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Year : 2021  |  Volume : 11  |  Issue : 2  |  Page : 59-69

Pathophysiologic and anaesthetic considerations in iron deficiency anaemia and pregnancy; An update

1 Department of Anaesthesia and Critical Care, Geetanjali Medical College and Hospital, Udaipur, Rajasthan, India
2 Department of Obstetric and Gynaecology, Geetanjali Medical College and Hospital, Udaipur, Rajasthan, India

Date of Submission14-Jun-2021
Date of Acceptance03-Jul-2021
Date of Web Publication01-Oct-2021

Correspondence Address:
Dr. Karuna Sharma
E-704, Krishnangan, New Vidhya Nagar, Sector -4, Hiran Magri, Udaipur, Rajasthan
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Source of Support: None, Conflict of Interest: None

DOI: 10.4103/JOACC.JOACC_46_21

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Anaemia is common during pregnancy, especially in low- and middle-income countries, and iron deficiency is the most common cause of anaemia worldwide. Symptoms relating to iron deficiency can be diverse, which relate to the depletion of cellular Fe function in different tissue organs and may exist long before Fe deficiency restricts erythropoiesis and anaemia develops. It is important to understand the pathophysiological and adaptation changes occurring during anaemia as long-standing changes affect the various organ systems and may impact both maternal and neonatal outcomes. There is growing evidence linking maternal IDA with subsequent neonatal cognitive and neurobehavioral outcomes, which makes it imperative that IDA should be treated early in pregnancy. Preoperative optimization with iron therapy (oral or parenteral) and erythropoiesis-stimulating agents vs replenishing O2-carrying capacity by transfusion must always be balanced against transfusion-associated risks. The anaesthetic management in parturients with severe anaemia depends on a multitude of factors, such as severity of iron deficiency anaemia, co-morbid diseases, extent of physiological compensation, and type and nature of anticipated haemorrhagic loss. This review summarizes the pathophysiological changes and adaptations consequent to oxygen delivery and iron homeostasis, therapeutic management, and anaesthetic challenges in pregnancy with IDA. It is based on electronic search strategies from Ovid Medline, Ovid Embase and PubMed (up to June 2021) along with relevant college and society web-based resources, including Royal College of Obstetricians and Anaesthesiologists, National Institute for Health and Clinical Excellence College and Society (NICE), Patient Blood Management Guidelines and American College of Obstetricians and Gynaecologists (ACOG) practice bulletins.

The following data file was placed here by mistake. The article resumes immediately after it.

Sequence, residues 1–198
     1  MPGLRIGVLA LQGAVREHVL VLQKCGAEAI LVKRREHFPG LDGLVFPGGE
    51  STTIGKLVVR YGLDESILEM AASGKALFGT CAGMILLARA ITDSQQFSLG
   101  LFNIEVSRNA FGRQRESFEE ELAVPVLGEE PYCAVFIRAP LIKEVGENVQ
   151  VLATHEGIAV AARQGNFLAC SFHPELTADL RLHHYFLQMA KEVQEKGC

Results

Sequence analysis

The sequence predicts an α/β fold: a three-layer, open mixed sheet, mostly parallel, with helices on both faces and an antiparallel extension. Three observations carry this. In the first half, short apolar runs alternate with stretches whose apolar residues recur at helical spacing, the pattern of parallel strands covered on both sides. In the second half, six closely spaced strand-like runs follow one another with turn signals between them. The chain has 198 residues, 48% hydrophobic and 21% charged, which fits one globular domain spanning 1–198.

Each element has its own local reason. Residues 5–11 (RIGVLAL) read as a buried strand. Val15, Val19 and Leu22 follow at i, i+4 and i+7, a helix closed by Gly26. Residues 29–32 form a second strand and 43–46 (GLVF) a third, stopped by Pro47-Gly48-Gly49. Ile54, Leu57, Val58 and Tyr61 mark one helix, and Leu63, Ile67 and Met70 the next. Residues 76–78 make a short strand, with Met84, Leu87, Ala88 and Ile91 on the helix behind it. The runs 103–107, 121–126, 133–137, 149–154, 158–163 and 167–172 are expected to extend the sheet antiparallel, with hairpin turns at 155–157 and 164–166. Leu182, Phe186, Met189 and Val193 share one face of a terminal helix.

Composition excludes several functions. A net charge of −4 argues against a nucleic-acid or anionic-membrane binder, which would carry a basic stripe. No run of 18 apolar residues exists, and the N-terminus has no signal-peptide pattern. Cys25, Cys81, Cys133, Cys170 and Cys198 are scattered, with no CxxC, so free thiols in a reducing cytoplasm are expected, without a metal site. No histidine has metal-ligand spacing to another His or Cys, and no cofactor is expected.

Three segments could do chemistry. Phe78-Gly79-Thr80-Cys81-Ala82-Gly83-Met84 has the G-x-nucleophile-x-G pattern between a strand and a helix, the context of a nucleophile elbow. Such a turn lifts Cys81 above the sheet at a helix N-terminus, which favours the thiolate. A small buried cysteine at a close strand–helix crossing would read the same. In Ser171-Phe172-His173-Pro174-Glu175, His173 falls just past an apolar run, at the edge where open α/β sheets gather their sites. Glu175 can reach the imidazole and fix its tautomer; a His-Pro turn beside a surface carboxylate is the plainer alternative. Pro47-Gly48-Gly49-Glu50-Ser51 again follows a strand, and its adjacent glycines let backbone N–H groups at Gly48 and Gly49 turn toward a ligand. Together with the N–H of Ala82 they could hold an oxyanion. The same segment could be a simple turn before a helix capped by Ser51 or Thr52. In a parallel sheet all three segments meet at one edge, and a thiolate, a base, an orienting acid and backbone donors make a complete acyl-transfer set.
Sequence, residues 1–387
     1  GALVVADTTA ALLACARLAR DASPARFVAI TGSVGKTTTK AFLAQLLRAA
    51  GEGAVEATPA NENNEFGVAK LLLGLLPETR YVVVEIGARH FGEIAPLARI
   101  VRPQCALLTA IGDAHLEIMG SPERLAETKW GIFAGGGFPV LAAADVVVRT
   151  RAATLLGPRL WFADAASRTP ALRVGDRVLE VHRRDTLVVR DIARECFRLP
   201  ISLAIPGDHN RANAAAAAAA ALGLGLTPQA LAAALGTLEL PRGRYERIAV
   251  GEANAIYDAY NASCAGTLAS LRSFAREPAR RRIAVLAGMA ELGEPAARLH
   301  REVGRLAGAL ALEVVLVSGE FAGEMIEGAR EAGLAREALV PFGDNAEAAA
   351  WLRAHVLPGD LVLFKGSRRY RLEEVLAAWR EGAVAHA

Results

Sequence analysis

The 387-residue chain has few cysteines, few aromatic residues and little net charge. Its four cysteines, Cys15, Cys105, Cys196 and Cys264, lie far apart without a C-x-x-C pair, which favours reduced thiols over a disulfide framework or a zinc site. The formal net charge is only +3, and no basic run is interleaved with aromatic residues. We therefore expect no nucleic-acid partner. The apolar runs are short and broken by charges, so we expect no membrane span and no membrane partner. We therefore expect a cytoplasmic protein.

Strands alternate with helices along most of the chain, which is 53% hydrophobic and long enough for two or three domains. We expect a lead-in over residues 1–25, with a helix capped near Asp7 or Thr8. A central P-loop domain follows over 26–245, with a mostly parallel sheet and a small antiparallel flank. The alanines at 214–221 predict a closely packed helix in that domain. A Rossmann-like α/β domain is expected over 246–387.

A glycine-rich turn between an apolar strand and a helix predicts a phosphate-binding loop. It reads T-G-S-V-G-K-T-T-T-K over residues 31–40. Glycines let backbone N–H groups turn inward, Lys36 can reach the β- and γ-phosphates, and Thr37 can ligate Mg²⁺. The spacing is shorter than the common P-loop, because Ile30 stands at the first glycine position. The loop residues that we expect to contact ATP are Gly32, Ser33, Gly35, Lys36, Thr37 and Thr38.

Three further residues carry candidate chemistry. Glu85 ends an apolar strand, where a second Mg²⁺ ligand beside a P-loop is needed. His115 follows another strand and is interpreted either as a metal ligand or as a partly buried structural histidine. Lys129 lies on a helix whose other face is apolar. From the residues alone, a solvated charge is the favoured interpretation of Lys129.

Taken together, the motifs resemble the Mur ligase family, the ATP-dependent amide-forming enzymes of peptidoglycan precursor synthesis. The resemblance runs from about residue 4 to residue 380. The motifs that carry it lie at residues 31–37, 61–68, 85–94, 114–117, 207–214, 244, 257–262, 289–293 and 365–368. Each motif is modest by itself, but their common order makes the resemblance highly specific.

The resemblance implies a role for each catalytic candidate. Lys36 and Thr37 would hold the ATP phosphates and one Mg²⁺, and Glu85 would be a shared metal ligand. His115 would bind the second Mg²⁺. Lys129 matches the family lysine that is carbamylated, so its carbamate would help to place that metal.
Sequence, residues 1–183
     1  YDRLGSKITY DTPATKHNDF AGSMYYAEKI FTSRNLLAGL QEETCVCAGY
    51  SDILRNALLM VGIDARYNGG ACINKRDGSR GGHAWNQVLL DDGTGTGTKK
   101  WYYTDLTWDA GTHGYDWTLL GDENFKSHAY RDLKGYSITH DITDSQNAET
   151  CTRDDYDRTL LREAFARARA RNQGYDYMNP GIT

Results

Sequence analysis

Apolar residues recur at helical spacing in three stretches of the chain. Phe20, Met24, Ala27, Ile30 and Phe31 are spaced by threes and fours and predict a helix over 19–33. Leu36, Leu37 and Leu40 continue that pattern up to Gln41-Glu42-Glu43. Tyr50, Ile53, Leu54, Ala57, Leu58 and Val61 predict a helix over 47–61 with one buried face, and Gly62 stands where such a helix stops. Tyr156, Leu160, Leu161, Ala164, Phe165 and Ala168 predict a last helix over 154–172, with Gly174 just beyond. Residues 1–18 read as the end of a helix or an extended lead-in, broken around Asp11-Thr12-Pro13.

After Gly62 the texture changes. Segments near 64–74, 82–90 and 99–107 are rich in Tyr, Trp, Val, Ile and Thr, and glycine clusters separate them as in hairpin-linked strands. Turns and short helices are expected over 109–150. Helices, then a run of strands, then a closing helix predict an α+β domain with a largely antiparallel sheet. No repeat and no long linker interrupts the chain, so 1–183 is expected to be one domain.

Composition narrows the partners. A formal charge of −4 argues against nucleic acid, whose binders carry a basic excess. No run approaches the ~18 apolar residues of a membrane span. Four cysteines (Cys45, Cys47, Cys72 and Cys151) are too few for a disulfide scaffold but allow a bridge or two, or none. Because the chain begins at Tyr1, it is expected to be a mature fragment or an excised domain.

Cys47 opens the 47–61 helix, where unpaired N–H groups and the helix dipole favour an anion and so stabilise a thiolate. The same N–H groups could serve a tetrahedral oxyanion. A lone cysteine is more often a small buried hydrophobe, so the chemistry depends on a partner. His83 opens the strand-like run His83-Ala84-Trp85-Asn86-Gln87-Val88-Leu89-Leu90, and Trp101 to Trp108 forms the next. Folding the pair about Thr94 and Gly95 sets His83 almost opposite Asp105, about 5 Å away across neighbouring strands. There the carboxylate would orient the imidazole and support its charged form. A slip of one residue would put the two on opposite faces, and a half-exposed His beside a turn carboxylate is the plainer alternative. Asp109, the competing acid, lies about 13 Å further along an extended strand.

Keywords: Anaemia, blood transfusion, iron, morbidity, mortality, pregnancy

How to cite this article:
Gupta S, Sharma K, Sharma C, Chhabra A, Jeengar L, Sharma N. Pathophysiologic and anaesthetic considerations in iron deficiency anaemia and pregnancy; An update. J Obstet Anaesth Crit Care 2021;11:59-69

How to cite this URL:
Gupta S, Sharma K, Sharma C, Chhabra A, Jeengar L, Sharma N. Pathophysiologic and anaesthetic considerations in iron deficiency anaemia and pregnancy; An update. J Obstet Anaesth Crit Care [serial online] 2021 [cited 2022 Dec 9];11:59-69. Available from: https://www.joacc.com/text.asp?2021/11/2/59/327411

  Introduction Top

Anaemia in pregnancy is a common clinical entity and is increasingly recognized as an independent modifiable perioperative risk factor. Pregnant women are particularly considered to be the most vulnerable group because of the additional demands that are made on maternal stores during pregnancy. Apart from physiological anaemia, numerous factors, including nutrition (Vitamin B12 and folate deficiency), genetics (presence of a Haemoglobin variant, thalassemia and sickle cell anaemia), acute or chronic blood loss, infections (malaria and worm infestations) bone marrow suppression (drugs and aplastic anaemia) renal disease and iron deficiency can cause anaemia. The latter is considered an established risk factor for poor perioperative, maternal, foetal and neonatal outcomes.[1],[2] Approximately 38% of all pregnant women worldwide are found to be anaemic, with >50% found in regions such as South Asia and Central and West Africa,[1],[3] while the global prevalence of iron deficiency anaemia (IDA) in pregnancy ranges from 15% to 18%.[4] This review focuses on IDA, which is the most common cause in pregnancy.


Anaemia is defined as a qualitative or quantitative deficiency of haemoglobin or red blood cells in circulation, resulting in reduced oxygen (O2)-carrying capacity of the blood to tissues and organs. WHO defines anaemia as a haemoglobin concentration of <120 g/L for nonpregnant women and <110 g/L haemoglobin (<11 g/dl) for pregnant women, irrespective of trimester, but Hb may fall by approximately 5 g/dL during the second trimester.[5] The current Hb thresholds defining anaemia in pregnancy is based on historical values from nonpregnant females and are currently under review as the use of a lower Hb threshold in the female and obstetric population has been challenged[6] on the grounds that lowering the Hb threshold may have significant implications for diagnosis and management of IDA during pregnancy.[7],[8] Optimizing Hb stores in the pregnant population before surgery has been reflected in several obstetric specific patient blood management guidelines[9],[10],[11] to reduce peripartum transfusion rates.[12] Till new guidelines are finalized, the existing threshold for anaemia during pregnancy is Hb <110 g/L in the first trimester, <105 g/L in second and third trimesters and <100 g/L in the postpartum period.[5]